Slips and trips

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Health and safety
02 November 2016
Slips or trips account for more than half of all accidents in the education sector, usually resulting in fractures to arms, ankles and wrists. Nevertheless, there is a lot employers should do to minimise the risks.

Regulation 12 of the Workplace (Health, Safety and Welfare) Regulations 1992 stipulates that every floor, surface or traffic route in a workplace should be suitable for the purpose for which it is used, and should be properly constructed and maintained for safe usage.

Additionally, the area should (as far as is reasonably practicable) be kept free from obstructions, articles or substances which may cause a person to slip, trip or fall.

Safety reps encounter slips and trips more frequently than any other hazard. ATL recommends safety reps use the Health and Safety Executive's mapping tool (see link on the right-hand side of this page), which helps identify the potential for slips, trips and falls. It involves drawing a sketch map and marking with a cross those areas where slips and trips have been reported in the past 12 months, adding areas where 'near misses' (incidents that have not resulted in injury) have occurred and gathering from colleagues the reasons why people have slipped or tripped.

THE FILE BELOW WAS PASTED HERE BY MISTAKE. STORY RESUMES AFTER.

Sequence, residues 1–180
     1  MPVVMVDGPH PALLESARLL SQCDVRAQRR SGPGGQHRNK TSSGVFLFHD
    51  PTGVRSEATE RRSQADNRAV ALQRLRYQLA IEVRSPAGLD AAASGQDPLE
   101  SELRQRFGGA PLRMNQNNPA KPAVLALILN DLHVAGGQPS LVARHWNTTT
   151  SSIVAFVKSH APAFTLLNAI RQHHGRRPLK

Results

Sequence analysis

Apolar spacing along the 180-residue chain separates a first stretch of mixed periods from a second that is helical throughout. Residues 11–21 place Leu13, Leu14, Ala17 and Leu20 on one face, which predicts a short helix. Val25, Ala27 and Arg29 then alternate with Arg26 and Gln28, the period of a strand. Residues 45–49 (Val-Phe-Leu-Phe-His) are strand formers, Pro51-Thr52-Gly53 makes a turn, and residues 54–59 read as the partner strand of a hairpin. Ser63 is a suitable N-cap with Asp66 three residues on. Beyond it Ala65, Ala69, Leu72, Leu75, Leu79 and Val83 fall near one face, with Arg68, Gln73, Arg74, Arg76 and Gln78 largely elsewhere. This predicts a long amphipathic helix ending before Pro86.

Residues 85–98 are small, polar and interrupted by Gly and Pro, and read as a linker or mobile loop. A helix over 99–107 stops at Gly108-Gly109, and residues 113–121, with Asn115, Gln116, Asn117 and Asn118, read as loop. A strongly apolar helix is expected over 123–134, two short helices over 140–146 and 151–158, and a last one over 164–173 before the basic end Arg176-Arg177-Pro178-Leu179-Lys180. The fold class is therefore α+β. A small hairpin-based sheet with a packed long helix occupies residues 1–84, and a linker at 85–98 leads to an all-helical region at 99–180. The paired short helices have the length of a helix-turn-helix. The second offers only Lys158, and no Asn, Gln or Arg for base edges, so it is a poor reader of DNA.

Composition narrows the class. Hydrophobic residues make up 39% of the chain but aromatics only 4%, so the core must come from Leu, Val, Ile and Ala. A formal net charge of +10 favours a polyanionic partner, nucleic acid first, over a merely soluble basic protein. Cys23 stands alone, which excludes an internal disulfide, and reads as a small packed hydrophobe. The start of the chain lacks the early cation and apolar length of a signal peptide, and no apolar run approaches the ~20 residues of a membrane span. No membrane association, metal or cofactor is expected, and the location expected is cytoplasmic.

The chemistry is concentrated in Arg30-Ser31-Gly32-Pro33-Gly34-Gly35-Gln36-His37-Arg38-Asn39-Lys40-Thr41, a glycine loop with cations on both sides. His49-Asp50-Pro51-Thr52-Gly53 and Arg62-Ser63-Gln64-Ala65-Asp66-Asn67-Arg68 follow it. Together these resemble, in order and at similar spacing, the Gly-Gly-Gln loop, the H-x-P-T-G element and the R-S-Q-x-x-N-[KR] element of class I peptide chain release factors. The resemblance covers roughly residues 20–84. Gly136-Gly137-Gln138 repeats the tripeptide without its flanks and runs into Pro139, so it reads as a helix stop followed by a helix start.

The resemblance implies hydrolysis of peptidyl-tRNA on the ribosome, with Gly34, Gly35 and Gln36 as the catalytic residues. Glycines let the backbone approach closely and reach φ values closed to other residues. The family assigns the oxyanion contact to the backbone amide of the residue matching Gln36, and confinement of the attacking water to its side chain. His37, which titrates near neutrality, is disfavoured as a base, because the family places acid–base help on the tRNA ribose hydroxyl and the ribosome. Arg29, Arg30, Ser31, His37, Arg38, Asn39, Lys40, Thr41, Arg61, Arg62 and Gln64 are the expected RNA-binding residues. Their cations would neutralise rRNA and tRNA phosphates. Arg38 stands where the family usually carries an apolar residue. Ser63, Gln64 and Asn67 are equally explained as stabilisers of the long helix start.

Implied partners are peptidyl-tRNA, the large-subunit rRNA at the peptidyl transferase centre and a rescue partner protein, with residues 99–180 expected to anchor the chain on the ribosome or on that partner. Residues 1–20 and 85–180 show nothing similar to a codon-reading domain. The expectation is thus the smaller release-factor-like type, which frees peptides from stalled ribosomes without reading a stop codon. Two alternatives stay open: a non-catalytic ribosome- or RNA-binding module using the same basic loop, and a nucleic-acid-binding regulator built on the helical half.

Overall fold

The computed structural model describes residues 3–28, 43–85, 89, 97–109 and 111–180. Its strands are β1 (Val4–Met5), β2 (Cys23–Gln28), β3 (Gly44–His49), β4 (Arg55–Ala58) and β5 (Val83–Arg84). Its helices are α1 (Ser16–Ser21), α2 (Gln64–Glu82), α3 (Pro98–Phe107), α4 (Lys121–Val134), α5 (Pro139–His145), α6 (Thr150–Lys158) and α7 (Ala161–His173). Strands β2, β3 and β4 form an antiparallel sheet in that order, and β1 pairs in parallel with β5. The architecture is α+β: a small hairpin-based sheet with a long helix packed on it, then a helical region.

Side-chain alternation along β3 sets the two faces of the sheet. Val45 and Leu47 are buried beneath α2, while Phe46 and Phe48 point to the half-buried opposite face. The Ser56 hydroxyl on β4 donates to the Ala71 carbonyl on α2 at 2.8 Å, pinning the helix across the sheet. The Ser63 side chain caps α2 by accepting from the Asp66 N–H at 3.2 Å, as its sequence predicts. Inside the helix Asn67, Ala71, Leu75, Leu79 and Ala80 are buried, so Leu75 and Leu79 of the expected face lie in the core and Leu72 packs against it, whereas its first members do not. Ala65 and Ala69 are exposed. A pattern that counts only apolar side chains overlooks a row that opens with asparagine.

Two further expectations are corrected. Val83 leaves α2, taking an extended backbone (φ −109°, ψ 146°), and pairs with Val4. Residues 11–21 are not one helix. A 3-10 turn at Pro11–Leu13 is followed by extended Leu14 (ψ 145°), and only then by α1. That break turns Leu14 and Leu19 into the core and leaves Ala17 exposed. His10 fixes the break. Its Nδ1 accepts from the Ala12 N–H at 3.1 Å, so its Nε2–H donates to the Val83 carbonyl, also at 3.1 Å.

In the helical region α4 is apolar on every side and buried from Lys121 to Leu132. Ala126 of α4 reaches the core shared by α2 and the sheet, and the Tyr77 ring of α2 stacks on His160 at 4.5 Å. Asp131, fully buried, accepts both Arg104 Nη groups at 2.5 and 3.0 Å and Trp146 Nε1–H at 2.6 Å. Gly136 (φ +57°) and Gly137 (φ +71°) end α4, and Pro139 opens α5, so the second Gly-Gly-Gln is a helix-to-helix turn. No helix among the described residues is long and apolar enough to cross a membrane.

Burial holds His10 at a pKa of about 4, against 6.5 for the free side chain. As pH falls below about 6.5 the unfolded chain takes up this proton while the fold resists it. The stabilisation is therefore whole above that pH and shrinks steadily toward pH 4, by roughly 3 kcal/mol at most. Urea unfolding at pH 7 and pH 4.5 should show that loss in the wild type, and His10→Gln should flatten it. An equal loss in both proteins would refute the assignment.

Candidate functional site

In identifying these slip and trip 'hot spots', take into consideration:

  • the cleaning and maintenance of premises - highly polished floors have been the source of a number of incidents concerning ATL members
  • the measures taken to control leaks or spillages
  • the build up of clutter in certain areas, which could impede access and/or present a slip/trip hazard
  • stairs and steps, where many accidents occur
  • that there is enough natural and/or artificial light for people to work, use facilities and move safely
  • evidence of leaking roofs, walkways exposed to the elements and potential for water to gather
  • times of the year when snow or mud are more likely to be brought into the building
  • areas where trailing cables from equipment and tools may be more prevalent.

The surface of the floor may be considered unsuitable if it is frequently slippery because of a substance which lies upon it, even if only temporarily. ATL safety reps should therefore ensure that risk assessments consider whether a transient substance lies upon the floor's surface on a regular basis.

Once this process has been completed, safety reps should then discuss these hotspots with management, and decide on how to remedy the situation. Following this, effective and continued monitoring of the measures put in place will be required.

If a member of staff is injured by slipping or tripping, remember that there may be a legal obligation on your employer to report it to the HSE (see the section on accident reporting for more information).

See also

External links